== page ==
Gerard Le Chevallier, 1953 - 2010
Chief, Political Affairs and Planning Section (El Salvador)
Gerard Le Chevallier, a national of El Salvador, was Chief of the Political Affairs and Planning Section for the UN Stabilization Mission in Haiti (MINUSTAH) for six years.
“I first met this charismatic, insightful, and dedicated international civil servant in an earlier life, when he was a Salvadoran politician,” said a former colleague.
In 2000, before joining MINUSTAH, Gerard worked for the United States-based National Democratic Institute (NDI), first as its resident director in Haiti, then in Paraguay, later in Bosnia, and finally as the regional director for Latin America and the Caribbean. He also was a member of the NDI delegation to the 1989 Chilean elections.
Gerard held several government positions in his home country. At age 27, he was the Director of Tourism, and, beginning in 1984, he spent five years as Secretary of Information for Presidents Álvaro Magaña and José Napoleón.
Between 1991 and 1994, Gerard served as Deputy of the Legislative Assembly of El Salvador and the Central American Parliament. He was a key negotiator in the Salvadoran Peace Accords that ended the country’s 12- year civil war in 1992.
In an interview with El Faro published in 2008, Gerard said: “I was born in politics.”
His tenacity and dedication to the democratic cause and to the defence of justice earned him the commonly noted name of “El Tigre.”
Working with electoral assistance activities at the UN was a natural fit. “To Gerard, democracy and politics were not theoretical concepts or spectator sports—he practiced both, sometimes at great personal risk,” said a colleague. “There is probably no one who better understood democratization opportunities and challenges in the hemisphere or the political dynamics within each country in the Americas, or possessed such a broad range of contacts in the region.”
With his great knowledge of the political landscape of the Americas, those who worked with him considered him to be one of the world’s top experts on Haiti and defined him as “a man of immense wisdom” who was “deeply committed to the Haitian people and to promoting democratic development.”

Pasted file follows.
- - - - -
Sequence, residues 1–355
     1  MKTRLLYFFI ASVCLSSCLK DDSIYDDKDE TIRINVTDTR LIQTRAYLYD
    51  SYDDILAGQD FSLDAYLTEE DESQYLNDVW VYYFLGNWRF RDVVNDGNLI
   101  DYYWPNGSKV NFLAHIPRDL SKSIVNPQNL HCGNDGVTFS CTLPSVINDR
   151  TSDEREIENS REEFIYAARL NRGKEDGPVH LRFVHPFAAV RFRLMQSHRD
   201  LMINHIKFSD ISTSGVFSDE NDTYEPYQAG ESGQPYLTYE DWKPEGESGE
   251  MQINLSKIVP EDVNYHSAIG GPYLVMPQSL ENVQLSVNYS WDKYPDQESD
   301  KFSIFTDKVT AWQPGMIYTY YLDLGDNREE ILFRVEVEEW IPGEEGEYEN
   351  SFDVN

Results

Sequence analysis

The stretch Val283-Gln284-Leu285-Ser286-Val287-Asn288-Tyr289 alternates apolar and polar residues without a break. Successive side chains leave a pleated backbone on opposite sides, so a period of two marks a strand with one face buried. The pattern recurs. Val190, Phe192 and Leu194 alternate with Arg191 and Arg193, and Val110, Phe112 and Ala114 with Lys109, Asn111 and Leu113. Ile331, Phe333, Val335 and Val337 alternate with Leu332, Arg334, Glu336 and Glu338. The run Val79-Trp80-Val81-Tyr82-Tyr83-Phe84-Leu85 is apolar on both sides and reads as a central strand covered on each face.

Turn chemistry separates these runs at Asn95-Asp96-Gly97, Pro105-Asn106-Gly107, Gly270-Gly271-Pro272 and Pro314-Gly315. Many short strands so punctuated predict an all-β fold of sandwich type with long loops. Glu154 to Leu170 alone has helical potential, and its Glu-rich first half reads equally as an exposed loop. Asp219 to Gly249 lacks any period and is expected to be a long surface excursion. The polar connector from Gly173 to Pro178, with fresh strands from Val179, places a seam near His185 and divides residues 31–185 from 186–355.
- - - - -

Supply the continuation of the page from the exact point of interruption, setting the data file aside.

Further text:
Colleagues remembered him fondly for his boundless energy, saying, “Gerard was a larger than life character who lived his life to the fullest and attracted legions of admirers into his orbit. He believed in the adage that ‘you can’t be detached and be effective.’ Gerard moved comfortably among presidents and sat at the table during high-level political negotiations,” said a colleague.
“But he also amassed a following among young people who saw in him a friend, a mentor – someone whom they could learn from, influence their careers and change their outlook on life,” a junior staffer said. “He inspired others to follow their dreams.”
“His sense of humour was always in evidence,” said a colleague. “It was most tangible in the wall of fame/ shame in his office where photographs of less-thandemocratic political leaders were turned upside down amid the seemingly hundreds of others depicting a smiling Gerard shaking hands with his democratic colleagues and heroes.”
Other colleagues recalled his generosity, contagious optimism, and his way of looking on the bright side, which made him a born peacekeeper. In Haiti “he was where he wanted to be,” a colleague said.
Gerard is survived by his wife Marcela Jiménez Avendaño, their two daughters Gisele and Nicole, and their son Raoul.